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Dziga Vertov’s Long-Lost ‘History of the Civil War’ Screens Again 100 Years After Its Last Showing

It was long presumed that a 12-minute snippet was all that still existed from the film.

History of the Civil War

“The History of the Civil War”

IDFA

It’s not every day a silent film is discovered, restored, and screened for audiences 100 years since it was last seen by any audience but attendees at this year’s Documentary Film Festival Amsterdam are in for just such a treat. It’s been revealed that Soviet director Dziga Vertov’s “The History of the Civil War,” filmed in 1921, will screen at the festival for just the second time in its existence. The film will be shown with live musical accompaniment from the Anvil Orchestra, using a newly composed soundtrack written by Roger Miller and Terry Donahue, former members of the Alloy Orchestra.

The film was initially presumed to be lost, last screening for members of the Comintern in 1921. It was presumed that only a 12-minute snippet was all that existed. This print was part of a two-year restoration effort by film historian Nikolai Izvolov, who had previously brought Vertov’s 1918 feature, “Anniversary of the Revolution” to screen at IDFA in 2018. The film is almost 100 percent complete except for a scene that contained Joseph Stalin, which is though to be truly lost.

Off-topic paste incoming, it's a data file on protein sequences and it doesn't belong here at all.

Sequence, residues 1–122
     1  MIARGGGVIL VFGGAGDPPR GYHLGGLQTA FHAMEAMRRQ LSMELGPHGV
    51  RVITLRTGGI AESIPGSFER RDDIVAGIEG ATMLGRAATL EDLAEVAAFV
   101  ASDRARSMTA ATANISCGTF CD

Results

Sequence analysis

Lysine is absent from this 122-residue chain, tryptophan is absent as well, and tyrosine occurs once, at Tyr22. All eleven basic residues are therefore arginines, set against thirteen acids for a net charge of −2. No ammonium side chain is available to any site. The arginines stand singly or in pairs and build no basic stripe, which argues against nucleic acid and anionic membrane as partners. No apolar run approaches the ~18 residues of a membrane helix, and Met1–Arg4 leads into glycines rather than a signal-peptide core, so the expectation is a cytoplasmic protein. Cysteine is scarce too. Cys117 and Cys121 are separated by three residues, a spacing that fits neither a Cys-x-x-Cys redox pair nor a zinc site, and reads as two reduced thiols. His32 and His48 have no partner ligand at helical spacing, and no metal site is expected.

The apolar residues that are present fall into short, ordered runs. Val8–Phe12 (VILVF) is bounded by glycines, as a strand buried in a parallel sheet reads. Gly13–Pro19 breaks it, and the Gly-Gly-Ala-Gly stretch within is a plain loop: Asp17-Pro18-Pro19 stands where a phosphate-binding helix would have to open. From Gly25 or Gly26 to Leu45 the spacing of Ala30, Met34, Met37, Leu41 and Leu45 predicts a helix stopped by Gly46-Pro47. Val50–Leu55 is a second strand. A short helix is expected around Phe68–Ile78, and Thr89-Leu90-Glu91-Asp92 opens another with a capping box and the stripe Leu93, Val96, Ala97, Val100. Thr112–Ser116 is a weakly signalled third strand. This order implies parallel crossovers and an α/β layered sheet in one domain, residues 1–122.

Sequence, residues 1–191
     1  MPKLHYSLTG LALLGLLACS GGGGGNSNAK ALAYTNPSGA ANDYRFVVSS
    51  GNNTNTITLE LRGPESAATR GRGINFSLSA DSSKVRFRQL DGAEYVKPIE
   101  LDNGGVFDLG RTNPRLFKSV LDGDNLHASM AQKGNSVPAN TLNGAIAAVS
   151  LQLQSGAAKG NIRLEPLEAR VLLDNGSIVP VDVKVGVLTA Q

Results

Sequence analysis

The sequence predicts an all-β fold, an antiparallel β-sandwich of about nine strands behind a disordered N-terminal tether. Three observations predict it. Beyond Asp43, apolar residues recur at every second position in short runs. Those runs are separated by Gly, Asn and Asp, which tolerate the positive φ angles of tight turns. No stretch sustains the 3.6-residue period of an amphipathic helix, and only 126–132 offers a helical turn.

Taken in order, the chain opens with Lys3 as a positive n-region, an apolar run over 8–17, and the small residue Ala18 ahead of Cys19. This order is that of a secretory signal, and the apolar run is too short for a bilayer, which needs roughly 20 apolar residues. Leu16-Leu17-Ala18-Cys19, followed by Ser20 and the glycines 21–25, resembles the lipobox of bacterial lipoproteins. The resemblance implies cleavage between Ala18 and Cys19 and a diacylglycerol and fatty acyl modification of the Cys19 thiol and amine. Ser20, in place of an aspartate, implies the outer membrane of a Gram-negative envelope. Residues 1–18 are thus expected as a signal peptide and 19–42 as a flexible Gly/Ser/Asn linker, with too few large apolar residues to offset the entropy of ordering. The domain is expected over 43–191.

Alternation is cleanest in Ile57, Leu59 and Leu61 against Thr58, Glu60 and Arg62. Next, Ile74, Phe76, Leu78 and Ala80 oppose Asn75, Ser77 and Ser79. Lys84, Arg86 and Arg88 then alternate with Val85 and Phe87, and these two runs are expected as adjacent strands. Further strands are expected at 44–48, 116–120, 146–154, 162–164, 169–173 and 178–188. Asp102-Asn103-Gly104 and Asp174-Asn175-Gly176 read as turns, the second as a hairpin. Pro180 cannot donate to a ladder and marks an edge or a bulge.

“The History of the Civil War” focuses on he years when the Bolsheviks struggled to defeat domestic opposition to the revolution. The film is praised for its unvarnished look at the death and destruction being waged, with Vertov filming fights in the streets, as well as military tribunals. According to the IDFA website, “Nikolai Izvolov used historical records to reconstruct the original silent film from archive material and commissioned a new soundtrack.”

Vertov is considered a groundbreaking director in the world of documentary. His 1929 film “Man With a Movie Camera” looks at urban life in the former Soviet Union and regularly appears on lists of the best documentaries. In 2015 documentarian Errol Morris included it on his list of essential features to watch in the documentary genre. Vertov was known for using what we now see as common techniques in filmmaking, from Dutch angles, freeze frames, extreme close ups, and slow motion.

While “Man With a Movie Camera” is available to screen everywhere, it is unclear how available “The History of the Civil War” will be available outside of this festival.

The IDFA takes place from November 17-28.

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